This web site is organising donations to help pay lawyers for a Pittsburgh man who uses no public utilities — and has served three stints in the county jail because of his battles. Now he faces more legal wrangling for refusing to tap into the local sewage system.
Off-Grid was the first to report on William Williams, 78, of Cecil, back in 2006. Now Williams is again pressing ahead with his long- held doctrine that he, not public utilities or authorities, dictates what happens on his property. He describes utility companies and authorities as “troublemakers,” “bullies” and “yo-yos with queer ideas” about encroaching on people’s lives.
Based on that philosophy, he’s refused to tap into the sewage system that the Midway Sanitary Authority operates on Reissing Road.
“I don’t like to see big outfits like this giving all this [hassle] to the people,” Mr. Williams said. “These companies are trying to barge in on everybody.”
The Washington County Sewage Council sent him a certified letter June 26 stating he had 45 days to tap into the sewage line. The council said it will inspect his septic system to see if it’s malfunctioning, which would be grounds to force him to tap into the public system.
But Thomas F. Wright of the council said if a visual inspection reveals no leaks, that tactic won’t work. Then Cecil would have to step in to enforce its ordinance requiring homeowners to tap into the public sewage system.
He said Mr. Williams is one of 21 homeowners yet to tap in, although most others cite money problems as the reason.
But if it goes to court, Mr. Williams could face a fine as high as $5,000 and imprisonment of up to 30 days. Every day he fails to comply also can be considered a separate offense.
It’s the latest in Mr. Williams’ campaign to avoid being wired, plugged in, tapped in or in the pipeline.
“If they want to play hard ball, I’ll play hard ball,” he said.
Mr. Williams served 31 days in the Washington County Jail for repeatedly cutting a guy wire securing an Allegheny Power utility pole on his property in 2005 and 2006. When the company kept reinstalling the wire, Mr. Williams dug a 5-foot hole and removed the guy wire anchor.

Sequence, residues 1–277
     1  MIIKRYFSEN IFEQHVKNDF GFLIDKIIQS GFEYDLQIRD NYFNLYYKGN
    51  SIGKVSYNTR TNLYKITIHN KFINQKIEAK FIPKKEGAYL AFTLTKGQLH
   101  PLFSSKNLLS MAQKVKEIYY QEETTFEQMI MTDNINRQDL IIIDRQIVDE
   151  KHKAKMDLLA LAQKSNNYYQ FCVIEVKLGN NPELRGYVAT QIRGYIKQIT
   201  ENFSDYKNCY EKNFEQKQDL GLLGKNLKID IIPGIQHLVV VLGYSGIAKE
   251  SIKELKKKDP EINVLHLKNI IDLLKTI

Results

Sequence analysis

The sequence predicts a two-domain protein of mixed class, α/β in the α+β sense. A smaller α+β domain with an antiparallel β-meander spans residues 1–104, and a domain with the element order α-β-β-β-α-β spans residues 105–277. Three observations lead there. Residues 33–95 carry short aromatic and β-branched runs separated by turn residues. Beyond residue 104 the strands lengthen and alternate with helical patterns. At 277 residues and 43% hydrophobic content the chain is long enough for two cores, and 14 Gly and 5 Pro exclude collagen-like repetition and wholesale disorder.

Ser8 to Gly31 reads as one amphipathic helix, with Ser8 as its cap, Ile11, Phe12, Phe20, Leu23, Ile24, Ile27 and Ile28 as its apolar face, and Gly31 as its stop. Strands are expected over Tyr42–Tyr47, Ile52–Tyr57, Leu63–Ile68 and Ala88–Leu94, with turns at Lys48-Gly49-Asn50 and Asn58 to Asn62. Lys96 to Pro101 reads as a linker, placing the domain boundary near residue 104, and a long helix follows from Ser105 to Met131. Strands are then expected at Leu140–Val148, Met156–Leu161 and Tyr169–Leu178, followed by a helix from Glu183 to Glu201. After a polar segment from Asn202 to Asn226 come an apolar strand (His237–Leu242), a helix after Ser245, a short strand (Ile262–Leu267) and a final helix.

At the time, Allen Staggers of Allegheny Power said Mr. Williams’ actions could result in power outages and personal injury.
“It’s dangerous for people to tamper with our equipment, whether it is a live wire or a guy wire,” he said.
But Mr. Williams said the utility company’s right of way does not usurp his property rights. And to this day, the utility pole has no guy wire and leans a bit precariously over Reissing Road.
Without front teeth and wearing his trademark orange tassel cap, Mr. Williams said the citations, fines and jail time have strengthened his resolve to fight intrusions into his simple lifestyle.
“People let their wants outpace their needs, and that’s why we’re in economic trouble now,” he said.
Cost prompted him decades ago to wean himself from public utilities. He retired from Homestead Valve in 1974 and lives on Social Security and a small pension.
He collects rainwater from his roof gutters into a holding tank. The water then flows through a filter into a basement sink. His 1960s-era septic system includes two tanks.
His refusal to pay for electrical service prompted Allegheny Power to remove electrical lines to his house. He installed solar panels in his front window and relies on batteries to power his radio. He uses propane and wood for what little heat he needs and washes his clothes in a bucket, then dries them on a clothesline. Owning no refrigerator, he stores perishables in his basement. He has no telephone. Weeds fill his yard.
At 5 feet 11 inches, he weighs about 134 pounds and eats a diet of cereal, cheese, tomatoes and hoagies with little meat — and shares his diet with his dog, a mountain cur named Peppy. He said he hasn’t been to a doctor in 54 years, save for an exam to get his driver’s license.
Mr. Williams remains spry with bold opinions about the virtues of simplicity. And if necessary, he said, he’ll go to jail yet again, although he’s unsure what he would do with Peppy.
“People are used to going along, so they don’t rock the boat,” he said. “I’ll rock that boat.”